Other, M. Boileau, "Basic for python", 14h, Urfist (Unité Régionale de Formation à l'Information Scientifique et Technique), France.

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PhD in progress: G. Mestdagh, "Suivi de tumeur en temps réel par des méthodes d’optimisation", Strasbourg university. Beginning: September 2019. Y. Privat, S. Cotin.

PhD in progress: J. B. Arnau, "Stratégie de contrôle d’une population de moustiques pour la lutte contre les arbovirus". Beginning: September 2019. Y. Privat, Luis Almeida.

PhD in progress: A. Courtais, "Contrôle optimal de contacteurs à lit fixe par fabrication additive". Beginning: September 2017. Y. Privat, F. Lesage and A. Latifi.

PhD in progress: Idriss Mazari, "Répartition des ressources dans un enclos optimisant la survie des populations". Beginning: September 2017. Y. Privat, G. Nadin.

PhD in progress: Alexandre Delyon, "Étude de la géométrie des œufs de certains branchiopodes". Beginning: September 2016. Y. Privat, A. Henrot.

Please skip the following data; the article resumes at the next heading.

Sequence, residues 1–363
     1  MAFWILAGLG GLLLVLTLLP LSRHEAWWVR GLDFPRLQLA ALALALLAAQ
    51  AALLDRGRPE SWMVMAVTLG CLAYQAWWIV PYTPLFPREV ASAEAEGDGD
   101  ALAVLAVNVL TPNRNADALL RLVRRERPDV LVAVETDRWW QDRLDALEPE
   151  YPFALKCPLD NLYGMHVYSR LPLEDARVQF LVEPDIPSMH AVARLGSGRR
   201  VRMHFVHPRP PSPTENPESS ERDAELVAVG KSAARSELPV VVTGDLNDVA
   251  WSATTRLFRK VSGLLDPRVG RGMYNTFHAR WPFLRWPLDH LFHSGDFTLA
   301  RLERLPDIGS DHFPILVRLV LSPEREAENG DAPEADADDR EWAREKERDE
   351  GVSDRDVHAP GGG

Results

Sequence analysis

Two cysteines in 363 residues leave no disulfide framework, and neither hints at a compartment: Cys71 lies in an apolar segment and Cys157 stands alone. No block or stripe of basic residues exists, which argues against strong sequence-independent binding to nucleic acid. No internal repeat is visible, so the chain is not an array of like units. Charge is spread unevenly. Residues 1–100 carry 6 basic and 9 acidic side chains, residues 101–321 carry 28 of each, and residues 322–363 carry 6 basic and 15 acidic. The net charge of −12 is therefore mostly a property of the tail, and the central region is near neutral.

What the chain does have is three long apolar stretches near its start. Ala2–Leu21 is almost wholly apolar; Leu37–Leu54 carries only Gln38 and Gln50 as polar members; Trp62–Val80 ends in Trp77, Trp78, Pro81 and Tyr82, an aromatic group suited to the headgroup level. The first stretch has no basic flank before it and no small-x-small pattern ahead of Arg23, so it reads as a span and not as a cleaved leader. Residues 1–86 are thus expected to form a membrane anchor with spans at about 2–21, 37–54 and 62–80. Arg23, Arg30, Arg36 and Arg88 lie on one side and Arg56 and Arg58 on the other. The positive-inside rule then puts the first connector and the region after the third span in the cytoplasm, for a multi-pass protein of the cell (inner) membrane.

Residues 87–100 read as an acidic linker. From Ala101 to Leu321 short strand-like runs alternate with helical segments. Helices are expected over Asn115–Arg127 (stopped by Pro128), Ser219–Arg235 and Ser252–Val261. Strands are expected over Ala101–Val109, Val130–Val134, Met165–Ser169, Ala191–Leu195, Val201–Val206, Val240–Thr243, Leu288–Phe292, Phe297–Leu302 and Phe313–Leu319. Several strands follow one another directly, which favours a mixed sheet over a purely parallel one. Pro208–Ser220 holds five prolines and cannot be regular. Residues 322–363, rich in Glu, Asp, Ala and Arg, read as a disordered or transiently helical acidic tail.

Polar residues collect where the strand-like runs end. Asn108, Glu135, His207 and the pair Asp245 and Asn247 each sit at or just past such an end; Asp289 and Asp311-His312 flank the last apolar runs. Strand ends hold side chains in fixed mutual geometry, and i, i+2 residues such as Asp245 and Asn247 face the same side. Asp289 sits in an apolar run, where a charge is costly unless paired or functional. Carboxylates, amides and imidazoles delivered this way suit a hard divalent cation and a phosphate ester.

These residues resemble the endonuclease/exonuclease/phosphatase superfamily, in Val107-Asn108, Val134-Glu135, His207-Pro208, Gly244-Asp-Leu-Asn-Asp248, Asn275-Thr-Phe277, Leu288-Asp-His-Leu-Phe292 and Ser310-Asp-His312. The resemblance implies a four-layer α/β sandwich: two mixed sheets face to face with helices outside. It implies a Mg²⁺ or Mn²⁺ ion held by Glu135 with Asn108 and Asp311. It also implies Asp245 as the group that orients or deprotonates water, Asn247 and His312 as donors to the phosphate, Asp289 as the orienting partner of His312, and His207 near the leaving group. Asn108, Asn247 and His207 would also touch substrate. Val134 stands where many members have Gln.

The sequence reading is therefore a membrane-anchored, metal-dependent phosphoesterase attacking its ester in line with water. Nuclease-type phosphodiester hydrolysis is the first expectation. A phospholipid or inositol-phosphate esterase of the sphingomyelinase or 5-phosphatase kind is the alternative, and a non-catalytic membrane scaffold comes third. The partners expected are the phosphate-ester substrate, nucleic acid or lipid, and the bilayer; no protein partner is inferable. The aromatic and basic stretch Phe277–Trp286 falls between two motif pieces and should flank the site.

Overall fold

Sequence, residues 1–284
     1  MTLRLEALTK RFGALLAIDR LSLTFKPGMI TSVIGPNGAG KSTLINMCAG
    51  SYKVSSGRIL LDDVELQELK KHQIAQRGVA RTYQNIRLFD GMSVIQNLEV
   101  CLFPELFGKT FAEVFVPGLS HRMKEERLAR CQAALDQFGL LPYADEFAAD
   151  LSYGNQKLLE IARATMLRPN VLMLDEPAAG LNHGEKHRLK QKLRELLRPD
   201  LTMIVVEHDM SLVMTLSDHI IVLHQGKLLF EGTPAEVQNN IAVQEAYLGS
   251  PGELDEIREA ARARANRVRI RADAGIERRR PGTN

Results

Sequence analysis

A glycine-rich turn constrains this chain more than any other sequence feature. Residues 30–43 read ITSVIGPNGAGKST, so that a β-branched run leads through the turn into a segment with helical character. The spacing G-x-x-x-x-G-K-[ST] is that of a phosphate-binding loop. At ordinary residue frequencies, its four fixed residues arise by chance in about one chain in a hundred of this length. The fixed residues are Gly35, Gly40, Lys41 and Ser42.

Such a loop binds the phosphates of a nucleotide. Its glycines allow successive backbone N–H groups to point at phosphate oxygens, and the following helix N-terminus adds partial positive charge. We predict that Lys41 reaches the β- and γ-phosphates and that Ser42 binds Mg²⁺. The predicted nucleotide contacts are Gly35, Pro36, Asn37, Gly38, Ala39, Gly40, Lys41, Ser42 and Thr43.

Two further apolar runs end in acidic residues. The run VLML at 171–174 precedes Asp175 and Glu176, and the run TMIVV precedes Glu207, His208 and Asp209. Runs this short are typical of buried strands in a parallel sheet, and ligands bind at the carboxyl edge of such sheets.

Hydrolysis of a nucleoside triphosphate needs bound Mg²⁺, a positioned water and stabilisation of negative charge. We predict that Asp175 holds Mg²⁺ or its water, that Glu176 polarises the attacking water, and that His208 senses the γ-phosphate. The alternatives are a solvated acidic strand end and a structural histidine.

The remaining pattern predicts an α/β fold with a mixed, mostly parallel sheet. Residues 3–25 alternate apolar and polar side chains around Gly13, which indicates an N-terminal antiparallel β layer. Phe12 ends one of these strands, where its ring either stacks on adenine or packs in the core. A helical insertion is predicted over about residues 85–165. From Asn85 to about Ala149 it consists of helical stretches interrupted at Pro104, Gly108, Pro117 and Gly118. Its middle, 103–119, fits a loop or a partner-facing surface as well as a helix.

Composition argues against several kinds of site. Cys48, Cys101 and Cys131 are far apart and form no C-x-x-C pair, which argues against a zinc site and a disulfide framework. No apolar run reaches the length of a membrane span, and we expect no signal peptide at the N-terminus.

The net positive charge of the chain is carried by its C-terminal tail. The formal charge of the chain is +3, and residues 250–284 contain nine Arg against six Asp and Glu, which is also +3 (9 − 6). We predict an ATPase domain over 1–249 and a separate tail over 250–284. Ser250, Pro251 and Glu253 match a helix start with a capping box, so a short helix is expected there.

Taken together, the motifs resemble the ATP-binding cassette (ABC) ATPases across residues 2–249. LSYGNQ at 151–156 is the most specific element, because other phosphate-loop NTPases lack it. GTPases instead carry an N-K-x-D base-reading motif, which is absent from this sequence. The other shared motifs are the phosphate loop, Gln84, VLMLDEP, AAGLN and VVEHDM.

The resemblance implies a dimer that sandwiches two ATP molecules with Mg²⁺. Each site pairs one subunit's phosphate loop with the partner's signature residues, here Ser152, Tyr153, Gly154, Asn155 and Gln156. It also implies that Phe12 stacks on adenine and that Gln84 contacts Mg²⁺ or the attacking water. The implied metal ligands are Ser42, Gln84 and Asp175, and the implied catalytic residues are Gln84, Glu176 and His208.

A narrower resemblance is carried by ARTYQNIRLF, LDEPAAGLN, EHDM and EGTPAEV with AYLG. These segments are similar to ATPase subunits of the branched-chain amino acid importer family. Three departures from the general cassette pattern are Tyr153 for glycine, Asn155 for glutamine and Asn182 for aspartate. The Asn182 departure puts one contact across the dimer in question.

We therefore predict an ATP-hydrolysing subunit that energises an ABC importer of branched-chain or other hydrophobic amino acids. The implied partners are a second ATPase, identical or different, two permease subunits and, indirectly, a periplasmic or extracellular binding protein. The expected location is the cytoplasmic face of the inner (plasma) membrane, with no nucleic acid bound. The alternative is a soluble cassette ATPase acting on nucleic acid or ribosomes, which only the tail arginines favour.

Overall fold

PhD in progress: Mustafa Gaja, "Compatible Finite Elements for Wave and Fluid Models: Application to Plasma Physics". Beginning: October 2015. E. Franck, E. Sonnendrücker (main supervisor).

PhD in progress: Pierre Gerhard, "Numerical methods for kinetic models. Application to building acoustic". Beginning: Ocotober 2015. P. Helluy (main supervisor), L. Navoret.

PhD in progress: Romane Helie, "Relaxation methods for kinetic models in plasma physics". Beginning: October 2019. P. Helluy (main supervisor), L. Navoret, E. Franck.